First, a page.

Best of the British at Bayern Munich: Mark Hughes
The elongated Bundesliga winter break offers the opportunity to digress and take a nostalgic look at the "Best of British" down the years at German giants Bayern Munich.
First up, on our way down memory lane, we turn our attention to Mark Hughes.
The Welsh striker joined Bayern on loan from Spanish giants Barcelona in an effort to jump-start a stuttering career in November 1987.
The fiery Welshman was immediately anointed "The Prince of Wales" by the Bayern faithful. He celebrated his debut on Nov. 7 by scoring the opener against Bayer Uerdingen in front of just 16,000 fans in an arctic Olympic Stadium.
And if you think footballers play too much football these days, how about this for a show of sacrifice from Hughes? It will also give you an indication of the clout and persuasive skills of the then-general manager Uli Hoeness. He convinced Hughes to play two crucial games in one day -- with the first match not kicking off till 17:30 CET.
Just four days after his competitive debut for Bayern, on a late afternoon in Prague on Nov. 11, the striker played a full 90 minutes for Wales in a crucial Euro qualifier against Czechoslovakia.
Wales would have reached Euro 1988 with a win, but succumbed to a heartbreaking 2-0 defeat to crush their qualifying hopes.
Ignoring the heartache of a devastating loss for his national side, Hughes made his way straight down the tunnel after the full-time whistle. He was taxied to Prague airport at around 19:15 CET, where a Learjet was conveniently waiting to fly him to Munich for a cup replay.
Hughes recounted the tale to the Daily Mail: "We flew over the ground and the match had kicked off. I could see the players from the air."
Herr Hoeness himself then chauffeured the coveted striker in his Porsche from Munich Airport to make the game in time for the second half. It must be remembered that this was back when Germany also staged cup replays to decide the outcome.
Jupp Heynckes' charges were trailing 1-0 when Hughes entered the fray just after the hour mark as a substitute. The Reds went onto to win 3-2 after extra time, so all the effort was worth it.
Domestically, another high point came when Hughes fired a hat trick in the 5-0 drubbing of Bochum in early May. A paltry 8,500 crowd witnessed the game at Bayern's old ground -- a figure that is absolutely unimaginable nowadays.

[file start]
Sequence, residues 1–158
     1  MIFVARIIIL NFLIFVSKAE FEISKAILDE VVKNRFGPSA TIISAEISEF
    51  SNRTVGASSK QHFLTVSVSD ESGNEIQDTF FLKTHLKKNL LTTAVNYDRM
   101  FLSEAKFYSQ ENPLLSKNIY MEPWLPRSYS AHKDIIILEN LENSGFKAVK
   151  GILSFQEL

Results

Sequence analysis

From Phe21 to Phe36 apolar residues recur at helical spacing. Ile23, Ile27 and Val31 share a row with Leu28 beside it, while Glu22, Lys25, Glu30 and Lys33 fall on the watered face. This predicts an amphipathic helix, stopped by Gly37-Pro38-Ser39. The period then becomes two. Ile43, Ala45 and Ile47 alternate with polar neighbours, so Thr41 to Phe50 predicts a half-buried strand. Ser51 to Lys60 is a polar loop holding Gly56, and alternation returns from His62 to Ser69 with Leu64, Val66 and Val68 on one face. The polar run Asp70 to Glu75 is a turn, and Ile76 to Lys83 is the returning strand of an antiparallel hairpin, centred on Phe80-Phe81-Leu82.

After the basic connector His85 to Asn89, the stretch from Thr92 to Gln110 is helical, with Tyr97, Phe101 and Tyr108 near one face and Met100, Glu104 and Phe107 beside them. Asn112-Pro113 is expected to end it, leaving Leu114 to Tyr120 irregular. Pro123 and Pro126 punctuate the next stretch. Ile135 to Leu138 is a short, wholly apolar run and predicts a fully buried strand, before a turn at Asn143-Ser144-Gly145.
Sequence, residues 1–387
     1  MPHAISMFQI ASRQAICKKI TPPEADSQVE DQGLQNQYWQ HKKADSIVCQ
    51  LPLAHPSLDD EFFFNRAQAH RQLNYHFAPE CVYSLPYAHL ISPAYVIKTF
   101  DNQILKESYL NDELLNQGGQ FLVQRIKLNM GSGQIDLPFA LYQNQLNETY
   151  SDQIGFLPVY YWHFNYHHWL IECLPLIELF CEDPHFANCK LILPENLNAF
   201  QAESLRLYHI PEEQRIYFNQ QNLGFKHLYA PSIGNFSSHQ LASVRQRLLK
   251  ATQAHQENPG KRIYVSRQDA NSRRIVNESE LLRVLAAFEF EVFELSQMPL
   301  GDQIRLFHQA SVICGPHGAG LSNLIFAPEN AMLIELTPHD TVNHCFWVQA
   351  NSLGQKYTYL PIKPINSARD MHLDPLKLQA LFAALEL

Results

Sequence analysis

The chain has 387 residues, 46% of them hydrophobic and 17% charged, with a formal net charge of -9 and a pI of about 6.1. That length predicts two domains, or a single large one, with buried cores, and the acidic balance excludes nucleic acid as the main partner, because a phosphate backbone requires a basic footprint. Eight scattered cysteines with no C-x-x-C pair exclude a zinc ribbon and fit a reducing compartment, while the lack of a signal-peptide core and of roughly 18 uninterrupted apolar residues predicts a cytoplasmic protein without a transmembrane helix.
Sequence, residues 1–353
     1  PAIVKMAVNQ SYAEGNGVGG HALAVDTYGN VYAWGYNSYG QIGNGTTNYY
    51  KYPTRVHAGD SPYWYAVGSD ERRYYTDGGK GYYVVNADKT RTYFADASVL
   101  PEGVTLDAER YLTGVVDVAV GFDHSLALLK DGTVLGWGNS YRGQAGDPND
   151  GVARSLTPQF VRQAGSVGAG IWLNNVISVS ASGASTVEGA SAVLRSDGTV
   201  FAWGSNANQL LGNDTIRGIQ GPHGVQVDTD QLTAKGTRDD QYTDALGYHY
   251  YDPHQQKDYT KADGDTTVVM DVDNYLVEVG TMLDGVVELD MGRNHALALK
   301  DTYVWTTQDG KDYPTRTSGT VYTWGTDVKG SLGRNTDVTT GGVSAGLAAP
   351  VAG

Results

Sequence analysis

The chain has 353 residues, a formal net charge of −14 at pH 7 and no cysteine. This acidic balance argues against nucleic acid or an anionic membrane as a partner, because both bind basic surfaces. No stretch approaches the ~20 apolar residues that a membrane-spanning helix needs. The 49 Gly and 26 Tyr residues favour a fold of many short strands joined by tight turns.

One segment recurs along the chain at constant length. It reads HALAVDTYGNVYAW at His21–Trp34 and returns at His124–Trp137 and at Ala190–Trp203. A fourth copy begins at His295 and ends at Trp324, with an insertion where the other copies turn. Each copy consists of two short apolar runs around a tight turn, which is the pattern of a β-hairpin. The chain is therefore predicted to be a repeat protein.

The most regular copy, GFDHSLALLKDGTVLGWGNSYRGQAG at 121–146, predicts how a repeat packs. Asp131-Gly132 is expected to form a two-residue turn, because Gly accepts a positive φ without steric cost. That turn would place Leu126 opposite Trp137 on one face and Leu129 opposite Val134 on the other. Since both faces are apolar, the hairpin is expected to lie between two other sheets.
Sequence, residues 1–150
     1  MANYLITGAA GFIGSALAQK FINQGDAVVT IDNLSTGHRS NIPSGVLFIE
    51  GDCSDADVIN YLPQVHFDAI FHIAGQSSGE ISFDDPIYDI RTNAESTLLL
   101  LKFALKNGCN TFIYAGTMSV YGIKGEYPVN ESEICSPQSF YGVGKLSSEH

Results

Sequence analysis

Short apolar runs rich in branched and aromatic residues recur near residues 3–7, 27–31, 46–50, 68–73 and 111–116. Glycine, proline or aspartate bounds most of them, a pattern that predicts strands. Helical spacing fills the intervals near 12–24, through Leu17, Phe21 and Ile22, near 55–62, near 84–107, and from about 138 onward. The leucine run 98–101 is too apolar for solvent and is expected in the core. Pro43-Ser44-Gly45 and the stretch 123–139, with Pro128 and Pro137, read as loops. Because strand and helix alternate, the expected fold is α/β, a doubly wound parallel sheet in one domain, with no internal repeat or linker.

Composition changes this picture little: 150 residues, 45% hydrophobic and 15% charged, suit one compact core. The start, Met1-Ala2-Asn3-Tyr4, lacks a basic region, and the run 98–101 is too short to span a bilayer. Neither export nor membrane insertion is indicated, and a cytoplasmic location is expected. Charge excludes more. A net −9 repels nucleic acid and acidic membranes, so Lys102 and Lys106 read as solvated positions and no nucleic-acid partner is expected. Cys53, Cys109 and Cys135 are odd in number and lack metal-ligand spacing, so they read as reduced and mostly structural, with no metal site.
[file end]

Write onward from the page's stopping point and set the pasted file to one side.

On the biggest club stage, Hughes put in a great shift as Bayern cruised to a 3-0 home lead in the European Cup quarterfinals first-leg clash in March 1988 against Real Madrid. However, with just a few minutes remaining, Bayern conceded two sloppy goals from Emilio Butragueno and Hugo Sanchez, which completely turned the tie on its head. The Reds exited the competition without a whimper two weeks later in Madrid.
The combative forward's time in Bavaria ended in utter disappointment as he was sent off for retaliation after just 19 minutes against VfB Stuttgart in May 1988. The history books show that Lothar Matthaus grabbed a brace as Bayern won 2-1 with 10 men, with Jurgen Klinsmann adding a consolation goal for the Swabians. Hughes never played for the club again, finishing with six goals in 18 Bundesliga appearances as the Reds languished behind champions Werder Bremen in the table. His playing career was then revitalised by a certain Alex Ferguson after rejoining Manchester United in July 1988.
After cutting his managerial teeth with his country, the proud Welshman has become an experienced Premier League boss. Hughes was even rumoured to be in the frame to replace Louis van Gaal at Bayern in 2011, before the hierarchy (perhaps wisely) opted for the safe hands of the tried and trusted Heynckes.
Bayern have moved on appreciably since then, and so has "Sparky" to manage Stoke City, but the legacy of Hughes' brief spell with the Bavarians is one that will not be forgotten.
Mark Lovell covers Bayern Munich for ESPN FC. Follow him on Twitter: @LovellLowdown.